Life is not fair, as all adults know. Many examples are put forward to illustrate this melancholy truth. For baseball fans of a certain age the argument-ender on this one is the sad fact that Ernie Banks never got to play in a World Series. In fact, one of the best players of the fifties and sixties never played in any post-season game, as most of his Hall of Fame career came before Major League Baseball went to the multi-layered post-season series format. And save for 1969, Banks’s Chicago Cubs never got past Labor Day anywhere near the top of the National League heap, or with a shot at getting there (for most years, make that Independence Day).
Banks was not only one of the best players of his day, but, with the only serious competition for the honor coming from Stan Musial, the sunniest. Which is a marvel considering that he played all of his 19 seasons with the Cubs, who for most of that time were never far from last place. He earned the sobriquet “Mr. Cub” for his production, which largely went for naught. He earned “Mr. Sunshine” for his unshakeable, cheery disposition. He was most quoted for saying, “It’s a great day — let’s play two.” For the way he boosted the sport, he may as well also have been “Mr. Baseball.”
Of course I know that everyone must pass from this world at some point. But I guess until I unfolded the sports page to the Tampa Tribune Saturday and learned that Banks had died Friday at 83, it had not occurred to me that this sad fact applied to Ernie as well. Ernie Banks gone! Damn!
With this much sunshine leaving the world, global warming doesn’t have a chance. At a Sunday news conference in Chicago the family announced that Banks had died of a heart attack just a week short of his 84th birthday. And what an attack that must have been, because what a heart the man had. He was the perfect antidote to the all too common surly, self-absorbed, grasping modern big league athletes — all sports — who don’t seem to appreciate the wildly affluent and privileged lives they lead, or the fans who make these magical lives possible.
Banks enjoyed a long and successful career, one financially well rewarded as this was measured in his day. But his start in life was modest. Banks was one of 12 children in a Dallas family. His father only finished the third grade and at one time picked cotton to support his family (Ernie did this as well as a youngster). Banks’ pro baseball start was in 1950 with the Kansas City Monarchs of the Negro League where he played for the princely sum of $7 a day. After Banks returned from two years in the Army (as was standard for young men in that day) the Monarchs sold his contract to the Cubs, where Banks began his Major League career toward the end of the 1953 season.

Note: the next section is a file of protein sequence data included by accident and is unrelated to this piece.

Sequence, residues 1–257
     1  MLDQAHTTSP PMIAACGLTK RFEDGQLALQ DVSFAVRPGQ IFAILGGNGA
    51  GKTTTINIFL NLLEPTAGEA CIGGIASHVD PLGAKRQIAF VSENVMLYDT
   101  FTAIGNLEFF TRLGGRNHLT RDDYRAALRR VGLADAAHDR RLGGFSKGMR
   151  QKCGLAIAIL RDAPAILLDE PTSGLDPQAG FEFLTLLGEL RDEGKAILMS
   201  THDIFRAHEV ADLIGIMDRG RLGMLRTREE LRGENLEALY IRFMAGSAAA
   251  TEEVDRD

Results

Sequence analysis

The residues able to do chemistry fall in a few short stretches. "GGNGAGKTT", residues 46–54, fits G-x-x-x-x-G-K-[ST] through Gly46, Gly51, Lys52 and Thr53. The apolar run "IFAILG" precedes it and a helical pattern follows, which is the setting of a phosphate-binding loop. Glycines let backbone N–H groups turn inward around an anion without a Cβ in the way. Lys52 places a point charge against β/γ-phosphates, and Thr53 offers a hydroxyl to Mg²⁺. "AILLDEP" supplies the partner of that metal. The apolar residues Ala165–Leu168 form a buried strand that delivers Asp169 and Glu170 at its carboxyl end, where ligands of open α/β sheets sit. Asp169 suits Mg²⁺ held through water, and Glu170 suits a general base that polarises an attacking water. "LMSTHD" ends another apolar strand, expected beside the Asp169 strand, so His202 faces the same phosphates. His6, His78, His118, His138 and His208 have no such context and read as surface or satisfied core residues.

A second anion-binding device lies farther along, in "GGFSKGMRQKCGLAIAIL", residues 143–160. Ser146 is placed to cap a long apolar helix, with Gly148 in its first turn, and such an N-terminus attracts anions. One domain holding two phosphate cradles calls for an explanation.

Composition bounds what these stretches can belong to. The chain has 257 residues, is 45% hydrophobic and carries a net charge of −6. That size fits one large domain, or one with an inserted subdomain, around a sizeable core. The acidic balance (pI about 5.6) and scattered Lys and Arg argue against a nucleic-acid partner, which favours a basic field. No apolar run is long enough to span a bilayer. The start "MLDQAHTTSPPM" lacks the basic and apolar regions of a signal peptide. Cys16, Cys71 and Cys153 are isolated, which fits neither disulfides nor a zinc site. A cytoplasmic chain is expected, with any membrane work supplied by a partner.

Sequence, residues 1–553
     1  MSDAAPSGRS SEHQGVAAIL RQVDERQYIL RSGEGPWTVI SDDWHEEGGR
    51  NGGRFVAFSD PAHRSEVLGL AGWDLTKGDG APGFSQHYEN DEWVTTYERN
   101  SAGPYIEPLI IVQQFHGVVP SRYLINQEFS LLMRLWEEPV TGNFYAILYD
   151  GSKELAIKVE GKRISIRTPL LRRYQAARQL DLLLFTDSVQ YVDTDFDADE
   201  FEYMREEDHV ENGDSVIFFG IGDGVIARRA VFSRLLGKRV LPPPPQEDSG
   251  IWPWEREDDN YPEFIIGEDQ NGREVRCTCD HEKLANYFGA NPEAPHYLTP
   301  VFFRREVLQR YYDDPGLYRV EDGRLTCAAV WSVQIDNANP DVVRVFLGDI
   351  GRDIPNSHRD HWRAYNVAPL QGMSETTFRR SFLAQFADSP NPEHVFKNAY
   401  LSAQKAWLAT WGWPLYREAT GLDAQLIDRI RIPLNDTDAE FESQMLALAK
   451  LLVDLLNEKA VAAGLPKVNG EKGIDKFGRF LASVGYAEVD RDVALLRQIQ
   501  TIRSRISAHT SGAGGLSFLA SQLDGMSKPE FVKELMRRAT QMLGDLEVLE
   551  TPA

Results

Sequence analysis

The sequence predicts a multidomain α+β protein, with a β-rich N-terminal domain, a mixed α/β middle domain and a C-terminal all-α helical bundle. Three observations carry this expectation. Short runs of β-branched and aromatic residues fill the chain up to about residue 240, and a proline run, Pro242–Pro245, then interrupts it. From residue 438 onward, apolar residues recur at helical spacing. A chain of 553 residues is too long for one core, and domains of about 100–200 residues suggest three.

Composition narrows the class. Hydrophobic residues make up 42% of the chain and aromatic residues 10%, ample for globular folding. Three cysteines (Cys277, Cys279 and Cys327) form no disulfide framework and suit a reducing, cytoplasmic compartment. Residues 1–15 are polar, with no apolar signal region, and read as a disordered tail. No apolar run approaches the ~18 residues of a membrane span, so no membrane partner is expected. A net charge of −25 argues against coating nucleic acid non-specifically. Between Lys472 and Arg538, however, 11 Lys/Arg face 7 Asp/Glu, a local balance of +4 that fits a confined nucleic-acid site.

Over the next 18 seasons Banks put up Cooperstown numbers, including 512 home runs, 1,636 RBIs, and 2,583 base hits. He hit more than 40 homeruns in five seasons (how a whippet-thin guy like Banks could do this I still don’t understand), and drove in 100 or more runs eight times. His top RBI total was a remarkable 143 in 1959. He played in 11 All-Star Games. He was inducted into the Baseball Hall of Fame in 1977, the first year of his eligibility.
As good as Banks’s career numbers are, the only Major League record he holds is the dubious one of the most big-league games played without ever having played in a post-season game, 2,528. This is just one thing that in a lesser man might militate against a sunny disposition. Another difficulty was that he was the Cubs’ first black player. So he doubtless was obliged to take a lot of crap because of the unreconstructed attitudes of some baseball fans in the fifties. And the Cubs 1969 September collapse after leading the National League East almost all season — they were overtaken in the stretch by the Miracle Mets of that year — would have been enough to depress even the most ebullient spirit.
But Banks overcame all to become a star player and a star human being. Banks clearly loved baseball, loved the Cubs, and came to love Chicago. Chicagoans, taken all around not a bunch of softies, returned that love with interest. He became one of the best ambassadors baseball has ever had. After his playing days Banks stayed in Chicago where he was active in the city’s sports, charity, and civic life. He will be greatly missed. I’ve added him to my list of people I wish I had met.
There is great sadness throughout the baseball world at this incalculable loss. But how can even death have dominion over a spirit so optimistic, so enthusiastic, so sunny, so grateful that he could continue to say, “Let’s play two,” knowing full well that his Cubs would probably lose both of them?
There is much enthusiasm about and anticipation of the 2015 Chicago Cubs. The team signed Joe Maddon as field manager during the offseason, a man who worked miracles at Tampa Bay on shoestring payrolls. No shoestring payroll in Chicago, where checkbook GM Theo Epstein spent lavishly to bring stud starting pitcher Jon Lester on board. I know, I know, there has been unrewarded enthusiasm about Cubs teams in the past. If the Cubs are playing in late October of this year, long-suffering Cubs fans will be fully entitled to enjoy every moment of it. But joy will be seasoned by the sad fact that Ernie Banks will not be there to see it.
Ernie Banks. 1931–2015. Great ballplayer. Great American. Rest in peace.
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